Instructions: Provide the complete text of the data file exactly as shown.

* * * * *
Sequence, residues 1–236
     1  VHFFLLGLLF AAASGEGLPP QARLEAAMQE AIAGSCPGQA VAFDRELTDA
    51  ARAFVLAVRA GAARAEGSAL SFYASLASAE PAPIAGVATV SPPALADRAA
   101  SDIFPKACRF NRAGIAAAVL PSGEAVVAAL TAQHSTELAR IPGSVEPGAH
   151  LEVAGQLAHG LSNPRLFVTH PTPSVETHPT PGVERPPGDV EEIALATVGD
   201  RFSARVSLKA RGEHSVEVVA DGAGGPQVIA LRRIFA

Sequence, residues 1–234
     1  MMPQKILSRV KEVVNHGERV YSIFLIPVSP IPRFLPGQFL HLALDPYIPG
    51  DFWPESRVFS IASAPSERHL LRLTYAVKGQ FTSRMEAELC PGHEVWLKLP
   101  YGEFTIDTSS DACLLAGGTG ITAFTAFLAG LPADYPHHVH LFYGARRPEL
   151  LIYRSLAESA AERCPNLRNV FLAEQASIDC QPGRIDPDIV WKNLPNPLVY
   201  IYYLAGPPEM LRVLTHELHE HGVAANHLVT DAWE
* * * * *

Sequence, residues 1–236
     1  VHFFLLGLLF AAASGEGLPP QARLEAAMQE AIAGSCPGQA VAFDRELTDA
    51  ARAFVLAVRA GAARAEGSAL SFYASLASAE PAPIAGVATV SPPALADRAA
   101  SDIFPKACRF NRAGIAAAVL PSGEAVVAAL TAQHSTELAR IPGSVEPGAH
   151  LEVAGQLAHG LSNPRLFVTH PTPSVETHPT PGVERPPGDV EEIALATVGD
   201  RFSARVSLKA RGEHSVEVVA DGAGGPQVIA LRRIFA

Sequence, residues 1–234
     1  MMPQKILSRV KEVVNHGERV YSIFLIPVSP IPRFLPGQFL HLALDPYIPG
    51  DFWPESRVFS IASAPSERHL LRLTYAVKGQ FTSRMEAELC PGHEVWLKLP
   101  YGEFTIDTSS DACLLAGGTG ITAFTAFLAG LPADYPHHVH LFYGARRPEL
   151  LIYRSLAESA AERCPNLRNV FLAEQASIDC QPGRIDPDIV WKNLPNPLVY
   201  IYYLAGPPEM LRVLTHELHE HGVAANHLVT DAWE